Armed with a new desire to pursue SLP, Kiah completed graduate school at University of Texas at Dallas and, ultimately, ended up back home and working at Cook Children's. "The family-centered approach that is at the core of Cook Children's is ideal for what I believe these kids need in developing their communication skills," Kiah said.
"Communication is by nature an interaction between partners. A child's primary communication partners are generally their parents, their peers, or other family members, like siblings. If you don't address the ability of BOTH sides of the communication interaction, not only the child, but ALSO the parents/siblings etc., then we can't really make progress," Kiah explained. "I can work with the child all day, but he doesn't exist in a vacuum. He needs the people he's trying to communicate with to be involved."
Such partnership and investment by the therapist, child and family is mirrored in what we all do for our patients. Regardless of your role, Kiah shines a light on the impact we can each have and that's helping families work through whatever brings them to our clinic, hospital or offices.
"Counseling is a huge part of what we do," she shared. "Something has happened to this family and their child that is generally unanticipated and in many cases, unpreferred, that's brought them to us. It is natural for family members to feel any combination of powerful emotions. Helping families to feel and work through those emotions and not allow them to stop or negatively impact their relationship with their child and his progress is a significant part of what we all do, whether at the front desk or the patient room and everywhere in-between."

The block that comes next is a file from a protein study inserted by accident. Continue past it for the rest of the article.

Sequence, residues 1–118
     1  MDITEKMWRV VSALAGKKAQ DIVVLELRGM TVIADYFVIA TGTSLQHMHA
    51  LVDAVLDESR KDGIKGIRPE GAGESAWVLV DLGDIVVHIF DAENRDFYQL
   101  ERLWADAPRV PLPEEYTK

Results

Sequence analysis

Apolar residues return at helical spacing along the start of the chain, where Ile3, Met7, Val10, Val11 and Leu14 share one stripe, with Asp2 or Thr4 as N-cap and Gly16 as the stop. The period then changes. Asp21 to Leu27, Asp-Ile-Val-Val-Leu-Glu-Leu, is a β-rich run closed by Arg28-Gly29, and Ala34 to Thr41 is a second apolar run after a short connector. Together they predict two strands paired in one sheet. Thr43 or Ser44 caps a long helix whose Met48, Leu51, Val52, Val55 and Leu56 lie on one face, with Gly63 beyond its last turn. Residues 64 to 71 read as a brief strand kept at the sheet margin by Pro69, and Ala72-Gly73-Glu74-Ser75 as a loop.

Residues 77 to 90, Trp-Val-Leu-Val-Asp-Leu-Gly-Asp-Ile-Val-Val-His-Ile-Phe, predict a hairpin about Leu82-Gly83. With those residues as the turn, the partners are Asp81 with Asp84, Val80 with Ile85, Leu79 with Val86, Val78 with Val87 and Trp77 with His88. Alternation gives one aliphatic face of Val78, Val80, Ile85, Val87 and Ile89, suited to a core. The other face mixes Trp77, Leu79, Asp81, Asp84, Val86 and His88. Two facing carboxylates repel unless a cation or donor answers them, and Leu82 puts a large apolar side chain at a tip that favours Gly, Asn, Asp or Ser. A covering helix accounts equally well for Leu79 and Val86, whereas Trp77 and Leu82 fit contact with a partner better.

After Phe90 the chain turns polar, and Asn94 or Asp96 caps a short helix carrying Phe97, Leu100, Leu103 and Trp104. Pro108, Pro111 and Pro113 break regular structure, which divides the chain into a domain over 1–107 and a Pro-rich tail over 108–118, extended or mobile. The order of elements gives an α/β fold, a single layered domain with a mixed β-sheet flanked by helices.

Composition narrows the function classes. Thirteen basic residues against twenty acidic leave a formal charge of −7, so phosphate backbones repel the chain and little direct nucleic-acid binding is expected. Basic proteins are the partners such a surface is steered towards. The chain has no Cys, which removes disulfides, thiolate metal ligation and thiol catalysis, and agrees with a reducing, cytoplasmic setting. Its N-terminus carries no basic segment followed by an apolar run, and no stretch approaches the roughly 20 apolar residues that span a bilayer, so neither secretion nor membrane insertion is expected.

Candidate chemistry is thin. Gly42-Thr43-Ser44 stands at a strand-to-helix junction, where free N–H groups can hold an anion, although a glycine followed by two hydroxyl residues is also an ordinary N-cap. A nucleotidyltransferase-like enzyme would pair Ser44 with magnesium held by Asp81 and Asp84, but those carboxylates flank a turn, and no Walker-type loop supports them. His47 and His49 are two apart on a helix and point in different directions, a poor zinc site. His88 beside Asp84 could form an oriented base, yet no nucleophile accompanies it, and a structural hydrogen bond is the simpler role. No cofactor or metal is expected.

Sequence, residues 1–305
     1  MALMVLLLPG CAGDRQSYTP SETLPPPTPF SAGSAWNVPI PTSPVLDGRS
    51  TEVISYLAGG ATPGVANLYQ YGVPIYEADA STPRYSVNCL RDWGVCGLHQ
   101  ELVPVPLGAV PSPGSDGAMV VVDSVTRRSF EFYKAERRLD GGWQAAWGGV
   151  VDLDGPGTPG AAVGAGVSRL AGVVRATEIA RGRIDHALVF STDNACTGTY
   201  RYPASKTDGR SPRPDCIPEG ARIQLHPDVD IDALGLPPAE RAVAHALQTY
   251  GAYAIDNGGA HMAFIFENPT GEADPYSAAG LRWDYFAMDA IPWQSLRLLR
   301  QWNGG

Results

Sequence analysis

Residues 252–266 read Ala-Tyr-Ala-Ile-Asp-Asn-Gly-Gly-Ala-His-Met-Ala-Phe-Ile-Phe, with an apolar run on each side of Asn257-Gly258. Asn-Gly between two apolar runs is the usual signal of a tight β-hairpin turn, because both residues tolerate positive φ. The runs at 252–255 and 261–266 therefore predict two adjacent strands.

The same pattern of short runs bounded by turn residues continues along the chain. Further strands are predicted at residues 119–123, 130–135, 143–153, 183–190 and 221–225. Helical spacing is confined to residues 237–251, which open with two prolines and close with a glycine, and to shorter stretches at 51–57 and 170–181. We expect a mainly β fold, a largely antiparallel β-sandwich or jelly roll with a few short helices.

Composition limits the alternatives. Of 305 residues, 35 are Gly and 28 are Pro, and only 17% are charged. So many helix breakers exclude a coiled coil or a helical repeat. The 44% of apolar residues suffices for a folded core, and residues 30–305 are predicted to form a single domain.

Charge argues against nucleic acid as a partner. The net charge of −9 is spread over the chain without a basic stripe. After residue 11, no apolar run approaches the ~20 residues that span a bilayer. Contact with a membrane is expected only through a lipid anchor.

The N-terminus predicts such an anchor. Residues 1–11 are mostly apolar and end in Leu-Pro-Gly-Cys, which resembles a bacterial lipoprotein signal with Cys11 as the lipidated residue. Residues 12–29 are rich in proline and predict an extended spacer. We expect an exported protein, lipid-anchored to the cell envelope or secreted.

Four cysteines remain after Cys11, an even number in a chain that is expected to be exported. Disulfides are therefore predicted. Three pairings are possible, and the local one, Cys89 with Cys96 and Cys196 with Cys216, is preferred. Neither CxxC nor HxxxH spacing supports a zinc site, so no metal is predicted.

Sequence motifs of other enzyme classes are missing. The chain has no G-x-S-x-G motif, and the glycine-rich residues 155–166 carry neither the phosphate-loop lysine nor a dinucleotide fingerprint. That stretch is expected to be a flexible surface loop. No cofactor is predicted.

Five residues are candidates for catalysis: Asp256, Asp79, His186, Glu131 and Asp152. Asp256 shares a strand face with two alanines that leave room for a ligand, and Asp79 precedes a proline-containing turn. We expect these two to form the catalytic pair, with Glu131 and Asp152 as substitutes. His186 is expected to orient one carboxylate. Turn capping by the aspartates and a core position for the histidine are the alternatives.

And helping the child is truly why we are all here. Specifically, Kiah takes pride in facilitating what she calls 'aha' moments. Those bright instances when a patient goes from being predominantly nonverbal or only using a few words or signs to independently communicating something unexpected and defying expectations. Frequently, the introduction of augmentative and alternative communication (AAC) devices triggers this moment for her more complex patients.
She shared, "Many times I see communication challenges like two parties being separated by a door. Both parent and child have been waiting on their respective sides of the door. Knocking, banging on it, trying the best way they know how to get through. For some, the introduction of AAC is like giving them the long-awaiting key. Bearing witness to the joy of what passes through that door...audible words for the first time of the unconditional love, the intellectual curiosity, the feisty humorous personality, that was always there, is my absolute favorite aspect of my job."
Thankfully, with professionals, like Kiah, who is committed to partnering with parents in a child's care, we can help each child that sits in front of us in the best way possible for them. When this happens, we will elevate the experience of the entire family and we can proudly say that it's a credit to the fact that together #WeAreCookChildrens.